Maverick2018-10-01T18:44:28+00:00
  • Comfortable adapting to the moment
  • Seeks unconventional solutions to problems
  • Willing to take risks

Maverick Characteristics

  • Inventive, likes coming up with new ideas
  • Does their own thing, goes against the grain
  • Enjoys social interaction and discussion
  • Enjoys trying new activities
  • Likes to play devil’s advocate
  • May be easily distracted due to chasing different ideas
  • Will step back and look at something with a new perspective
  • May seem a bit off-beat, likes to march to the beat of their own drum
  • Flexible about different tactics
  • Unwilling to conform, comply or fully commit to something

Innovative

Adaptive

Rebellious

Maverick Strengths

  • Comfortable adapting to the moment
  • Seeks unconventional solutions to problems
  • Willing to take risks

Maverick Struggles

  • Sometimes is sloppy with details
  • Often happy to wing it
  • May have difficulty following rules

Introduction

The Maverick has free-flowing thought processes and is willing to share this train of thought with anyone who is close enough to listen. The Maverick is reluctant to adopt systems, conform, or comply.

They believe in living in the moment and taking life one day at a time. They don’t like highly structured individuals or situations. Likewise, they see lower value in tradition and custom than most. It’s easy for the Maverick to shift their beliefs and they question the status quo.

Effects of Defining Traits

A Maverick will typically embrace change. In fact, they might be an agent of change. Socially, Mavericks are fairly easy to get to know. Typically, they are not reserved, guarded or defensive. They are comfortable talking about themselves, their ideas, and their dreams.

Mavericks often tire of the same routine very quickly. This might include off-season conditioning and some of the other more mundane chores associated with their sport and position. Also, the Maverick does not see rules as absolute. With things like ethical judgment, the Maverick can see both sides of the argument.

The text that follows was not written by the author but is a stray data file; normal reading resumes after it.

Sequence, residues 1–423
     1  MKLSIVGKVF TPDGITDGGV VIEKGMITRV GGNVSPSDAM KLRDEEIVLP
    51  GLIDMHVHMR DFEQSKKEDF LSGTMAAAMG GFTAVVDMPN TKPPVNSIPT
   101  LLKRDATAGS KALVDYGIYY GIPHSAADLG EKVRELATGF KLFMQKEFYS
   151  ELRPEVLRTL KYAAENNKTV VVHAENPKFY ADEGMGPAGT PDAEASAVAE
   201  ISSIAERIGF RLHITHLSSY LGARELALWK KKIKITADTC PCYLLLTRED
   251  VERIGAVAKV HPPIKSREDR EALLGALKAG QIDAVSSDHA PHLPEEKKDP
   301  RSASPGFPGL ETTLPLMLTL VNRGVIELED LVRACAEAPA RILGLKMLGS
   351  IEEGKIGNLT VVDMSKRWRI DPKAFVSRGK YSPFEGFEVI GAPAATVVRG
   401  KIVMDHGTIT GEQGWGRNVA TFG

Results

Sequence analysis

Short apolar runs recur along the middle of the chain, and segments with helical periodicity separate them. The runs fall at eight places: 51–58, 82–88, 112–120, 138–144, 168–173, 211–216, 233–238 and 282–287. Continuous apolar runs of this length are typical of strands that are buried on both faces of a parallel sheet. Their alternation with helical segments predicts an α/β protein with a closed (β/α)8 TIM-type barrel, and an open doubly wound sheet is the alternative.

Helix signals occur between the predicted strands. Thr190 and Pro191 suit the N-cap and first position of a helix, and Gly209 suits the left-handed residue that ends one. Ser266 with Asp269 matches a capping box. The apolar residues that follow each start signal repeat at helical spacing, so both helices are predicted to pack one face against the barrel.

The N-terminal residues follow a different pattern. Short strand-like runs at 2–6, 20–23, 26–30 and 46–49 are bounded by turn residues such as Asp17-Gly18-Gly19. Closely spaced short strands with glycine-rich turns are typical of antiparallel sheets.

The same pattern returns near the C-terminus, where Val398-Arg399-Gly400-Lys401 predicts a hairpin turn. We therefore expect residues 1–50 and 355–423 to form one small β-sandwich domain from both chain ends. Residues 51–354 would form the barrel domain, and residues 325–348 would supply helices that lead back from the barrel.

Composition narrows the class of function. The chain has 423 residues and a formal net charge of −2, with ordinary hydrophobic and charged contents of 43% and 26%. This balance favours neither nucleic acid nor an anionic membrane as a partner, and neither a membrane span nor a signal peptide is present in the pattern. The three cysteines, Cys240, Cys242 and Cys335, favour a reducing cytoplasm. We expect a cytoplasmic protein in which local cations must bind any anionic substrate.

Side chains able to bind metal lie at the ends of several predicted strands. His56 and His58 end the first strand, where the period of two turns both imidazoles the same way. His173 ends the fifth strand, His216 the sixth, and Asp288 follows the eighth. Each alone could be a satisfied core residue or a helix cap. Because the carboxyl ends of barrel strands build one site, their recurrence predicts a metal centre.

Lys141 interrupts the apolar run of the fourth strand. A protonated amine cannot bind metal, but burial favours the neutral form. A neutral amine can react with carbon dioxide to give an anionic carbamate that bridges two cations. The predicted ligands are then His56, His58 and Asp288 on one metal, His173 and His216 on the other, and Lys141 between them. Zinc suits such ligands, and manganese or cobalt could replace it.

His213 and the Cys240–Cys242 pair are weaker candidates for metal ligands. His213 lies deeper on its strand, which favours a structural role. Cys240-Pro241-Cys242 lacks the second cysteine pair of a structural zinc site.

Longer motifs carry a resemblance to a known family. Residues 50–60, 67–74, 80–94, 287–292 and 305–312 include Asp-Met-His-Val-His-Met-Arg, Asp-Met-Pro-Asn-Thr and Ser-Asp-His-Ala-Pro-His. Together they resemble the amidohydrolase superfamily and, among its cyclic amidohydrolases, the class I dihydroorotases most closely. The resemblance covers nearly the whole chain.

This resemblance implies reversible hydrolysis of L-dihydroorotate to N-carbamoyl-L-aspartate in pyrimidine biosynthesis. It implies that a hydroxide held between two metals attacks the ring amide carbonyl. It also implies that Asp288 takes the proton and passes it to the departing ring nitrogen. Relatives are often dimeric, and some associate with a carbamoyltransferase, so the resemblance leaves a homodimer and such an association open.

Finally, when evaluating and making a decision, a Maverick will give more weight to the specific circumstances of a situation and less weight to fixed internal standards than other athlete types. For example, if the situation was in dire condition, the Maverick may feel it would be okay if the person broke a universal rule, like Do Not Steal to resolve the dire condition.

During Athletic Competition

In sports that have penalties and referees, the Maverick may show some marked tendencies. They may test the limits of a rule that results in a penalty. For instance, the NFL has periodically changed the parameters for which pass interference can be called. A previously legal technique like the bump and run for defensive backs may now be considered pass interference. The Maverick is going to test the limits of this new interpretation.

The Maverick will also tend to see things differently than the referee in certain sports. For instance, the Maverick pitcher probably has a more liberal interpretation of the strike zone than the home plate umpire. Mavericks generally deal with change well. But when a turnover occurs during competition, they may be too quick to abandon the game plan. The turnover causes little distress but they may decide to change directions instead of staying the course.

Finally, the Maverick is vulnerable to making some sloppy mistakes because of a general lack of focus on the details.

Helping The Maverick

Sloppy mistakes during competition also happen in practice. Coaches, parents, and teammates should be vigilant in making sure the Maverick does it right in practice. Have the Maverick practice concentration drills and figure out ways to remove distractions.

The Maverick can benefit from learning how to plan, organize, and manage time. In doing this, attention to detail should be reinforced. The Maverick may not like the military type of coach but could benefit from this kind of program.

Also, it is best if coaches, teachers, and parents give a explanation or rationalization for a rule. It’s best if a two-sided explanation is provided with the stated rule coming out on top in the plus column.

Finally, any time a coach can make the ordinary seem special or extraordinary, the better.  An example is the old parent trick of: “Kids, let’s brush our teeth extra well tonight because we are having donuts for breakfast.”

Jared Goff Football

Clayton Kershaw Baseball

Lauren Haeger Fastpitch

Prominent Pro Athlete Mavericks

  • Joe Flacco, football
  • Jared Goff, football
  • Mo Bamba, basketball
  • Clayton Kershaw, baseball
  • Stephen Strasburg, baseball
  • Justin Verlander, baseball
  • Jake Arrieta, baseball
  • Jason Vargas, baseball
  • Ryan Brown, lacrosse
  • Marcus Holman, lacrosse
  • Niko Amato, lacrosse
  • Kylee Lahners, softball
  • Lauren Haeger, softball

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